A B.C. man was sentenced to nearly three years in prison by a judge who scolded him for the "grotesque act" of getting his mother unknowingly involved in transporting $100,000 worth of cocaine.

"Being the mother of a wayward child can be a very thankless experience," provincial court Judge Thomas Woods wrote about Christopher Mauro, who was sentenced last month to two years and 10 months in prison for possession of cocaine for the purpose of trafficking.

"Mr. Mauro's actions on the day of the offence ... was a cowardly, self-serving ungrateful act," Woods said about an incident that also initially got Mauro's mother charged.

The case centres on a traffic accident in February 2013. Mauro rear-ended a pickup truck with his 2009 Audi A4 at Clarke Road and Barnet Highway in Port Moody. 

'The court does not view you as a horrible person. But you are a person who made a very grave mistake ... Now it is necessary for you to answer for your mistake.'
- Thomas Woods, provincial court judge, to Christopher Mauro

Court documents show that soon after the crash, Mauro called his mother, who drove to the scene.

Mauro transferred a grocery bag from his vehicle to hers, without her knowing that it contained 1.3 kilograms of cocaine.

Mauro didn't know, however, that the driver of the pickup truck took a picture of him transferring the bag, because he thought it was suspicious. The pickup truck driver then showed the photo to officers at the scene.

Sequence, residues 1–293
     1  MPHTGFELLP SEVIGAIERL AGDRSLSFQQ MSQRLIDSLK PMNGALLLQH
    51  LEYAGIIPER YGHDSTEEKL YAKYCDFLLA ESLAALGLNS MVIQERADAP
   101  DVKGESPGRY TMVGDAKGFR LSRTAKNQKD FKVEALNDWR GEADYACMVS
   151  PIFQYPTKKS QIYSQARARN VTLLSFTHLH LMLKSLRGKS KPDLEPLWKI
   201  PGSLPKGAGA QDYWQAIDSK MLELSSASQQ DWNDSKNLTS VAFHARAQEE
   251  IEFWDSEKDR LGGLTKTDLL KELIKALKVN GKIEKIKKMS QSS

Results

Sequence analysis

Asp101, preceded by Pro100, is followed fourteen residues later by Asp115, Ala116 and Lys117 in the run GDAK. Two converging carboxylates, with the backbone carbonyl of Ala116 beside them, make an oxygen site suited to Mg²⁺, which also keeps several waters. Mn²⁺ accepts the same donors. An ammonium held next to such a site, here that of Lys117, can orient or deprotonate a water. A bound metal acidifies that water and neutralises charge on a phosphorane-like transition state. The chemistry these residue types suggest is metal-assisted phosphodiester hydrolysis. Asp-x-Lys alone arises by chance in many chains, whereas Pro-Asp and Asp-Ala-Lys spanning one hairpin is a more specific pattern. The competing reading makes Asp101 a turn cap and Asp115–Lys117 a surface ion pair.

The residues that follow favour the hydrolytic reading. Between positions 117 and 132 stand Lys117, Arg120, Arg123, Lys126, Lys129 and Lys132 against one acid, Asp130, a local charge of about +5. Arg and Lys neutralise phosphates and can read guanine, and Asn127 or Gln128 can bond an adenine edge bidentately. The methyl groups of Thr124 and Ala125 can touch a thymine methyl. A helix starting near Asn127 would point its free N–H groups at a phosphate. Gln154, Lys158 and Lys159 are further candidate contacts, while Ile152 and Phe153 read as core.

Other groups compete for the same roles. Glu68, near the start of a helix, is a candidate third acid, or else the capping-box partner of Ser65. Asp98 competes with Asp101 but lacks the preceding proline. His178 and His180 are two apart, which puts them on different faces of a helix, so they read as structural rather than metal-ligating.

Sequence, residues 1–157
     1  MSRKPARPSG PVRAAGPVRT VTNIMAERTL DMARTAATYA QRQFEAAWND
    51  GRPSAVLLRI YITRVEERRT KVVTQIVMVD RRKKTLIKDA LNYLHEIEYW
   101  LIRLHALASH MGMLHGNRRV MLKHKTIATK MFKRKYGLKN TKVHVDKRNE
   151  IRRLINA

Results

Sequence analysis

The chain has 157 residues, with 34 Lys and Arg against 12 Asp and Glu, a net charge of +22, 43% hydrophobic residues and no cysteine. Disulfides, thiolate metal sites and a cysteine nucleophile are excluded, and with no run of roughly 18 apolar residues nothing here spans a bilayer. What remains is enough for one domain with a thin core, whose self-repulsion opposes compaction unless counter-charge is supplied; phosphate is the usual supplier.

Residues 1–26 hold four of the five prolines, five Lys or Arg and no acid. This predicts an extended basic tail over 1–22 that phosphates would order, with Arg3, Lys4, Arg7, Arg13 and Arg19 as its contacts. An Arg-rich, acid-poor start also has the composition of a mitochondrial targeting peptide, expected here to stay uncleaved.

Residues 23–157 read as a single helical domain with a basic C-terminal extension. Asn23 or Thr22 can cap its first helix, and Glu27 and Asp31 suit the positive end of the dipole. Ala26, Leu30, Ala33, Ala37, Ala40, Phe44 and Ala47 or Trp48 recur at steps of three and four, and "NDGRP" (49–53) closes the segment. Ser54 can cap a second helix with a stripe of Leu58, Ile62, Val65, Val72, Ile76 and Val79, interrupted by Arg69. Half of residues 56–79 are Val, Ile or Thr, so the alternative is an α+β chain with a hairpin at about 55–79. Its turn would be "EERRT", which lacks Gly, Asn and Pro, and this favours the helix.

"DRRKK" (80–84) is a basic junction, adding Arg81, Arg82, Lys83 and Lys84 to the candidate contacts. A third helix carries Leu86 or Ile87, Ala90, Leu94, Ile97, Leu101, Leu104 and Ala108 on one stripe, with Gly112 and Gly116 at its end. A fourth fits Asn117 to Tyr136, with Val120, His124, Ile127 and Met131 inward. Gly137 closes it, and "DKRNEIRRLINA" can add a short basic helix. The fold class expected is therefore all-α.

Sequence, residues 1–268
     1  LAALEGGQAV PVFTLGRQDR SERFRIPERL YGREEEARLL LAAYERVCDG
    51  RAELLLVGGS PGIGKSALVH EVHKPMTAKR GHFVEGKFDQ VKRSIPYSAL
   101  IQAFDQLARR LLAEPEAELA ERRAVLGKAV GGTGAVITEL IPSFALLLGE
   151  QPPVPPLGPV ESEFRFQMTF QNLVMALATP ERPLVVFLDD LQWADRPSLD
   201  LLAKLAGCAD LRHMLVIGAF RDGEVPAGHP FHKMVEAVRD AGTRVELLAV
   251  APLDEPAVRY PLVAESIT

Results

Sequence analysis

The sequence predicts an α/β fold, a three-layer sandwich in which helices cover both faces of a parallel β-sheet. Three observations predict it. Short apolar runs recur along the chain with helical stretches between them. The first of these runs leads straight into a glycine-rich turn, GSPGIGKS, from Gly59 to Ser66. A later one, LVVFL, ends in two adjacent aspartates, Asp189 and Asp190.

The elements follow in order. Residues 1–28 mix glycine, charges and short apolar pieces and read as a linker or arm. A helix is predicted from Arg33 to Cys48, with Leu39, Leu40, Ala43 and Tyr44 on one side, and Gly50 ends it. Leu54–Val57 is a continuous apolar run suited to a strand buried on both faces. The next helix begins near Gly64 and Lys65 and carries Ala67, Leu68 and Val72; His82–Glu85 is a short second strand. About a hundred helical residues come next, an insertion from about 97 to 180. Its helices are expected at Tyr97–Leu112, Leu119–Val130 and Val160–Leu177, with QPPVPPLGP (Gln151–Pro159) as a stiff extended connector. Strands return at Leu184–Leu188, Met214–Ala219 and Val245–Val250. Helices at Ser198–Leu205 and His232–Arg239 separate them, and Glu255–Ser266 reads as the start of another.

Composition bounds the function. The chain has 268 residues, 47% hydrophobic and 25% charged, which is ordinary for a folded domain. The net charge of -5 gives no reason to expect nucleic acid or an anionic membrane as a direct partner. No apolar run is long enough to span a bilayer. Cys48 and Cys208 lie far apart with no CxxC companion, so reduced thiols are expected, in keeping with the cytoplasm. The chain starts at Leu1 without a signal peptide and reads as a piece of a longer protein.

Eventually, both Mauro and his mother were arrested and charged with possession for the purpose of trafficking. Police subsequently determined his mother had no involvement in the drug world and the charge against her was dropped.

Judge calls man 'ungrateful'

The judge said Mauro, now 29, was "fortunate" to have retained the support of his mother, who attended every court appearance.

"[It] is a testament to her character, her strength and her maternal commitment to someone who could be described as undeserving," Woods wrote.

The judge noted Mauro was in the process of completing a plumbing apprenticeship and had the support of his employer. He also said Mauro had no previous criminal record and was genuinely remorseful.

Woods wrote he would have given Mauro a shorter sentence had he not "placed the almost 1.3 kilograms of cocaine in your mother's possession."

Appeal filed

Mauro's defence had asked for a suspended sentence — which would have meant no jail time — because Mauro argued he had a crippling drug addiction, and his motivation for having so much cocaine was to pay for that addiction, rather than make a profit.

The judge disagreed.

"The court does not view you as a horrible person," Woods wrote. "But you are a person who made a very grave mistake ... Now it is necessary for you to answer for your mistake."

Mauro's lawyer, Rishi Gill, is appealing the conviction.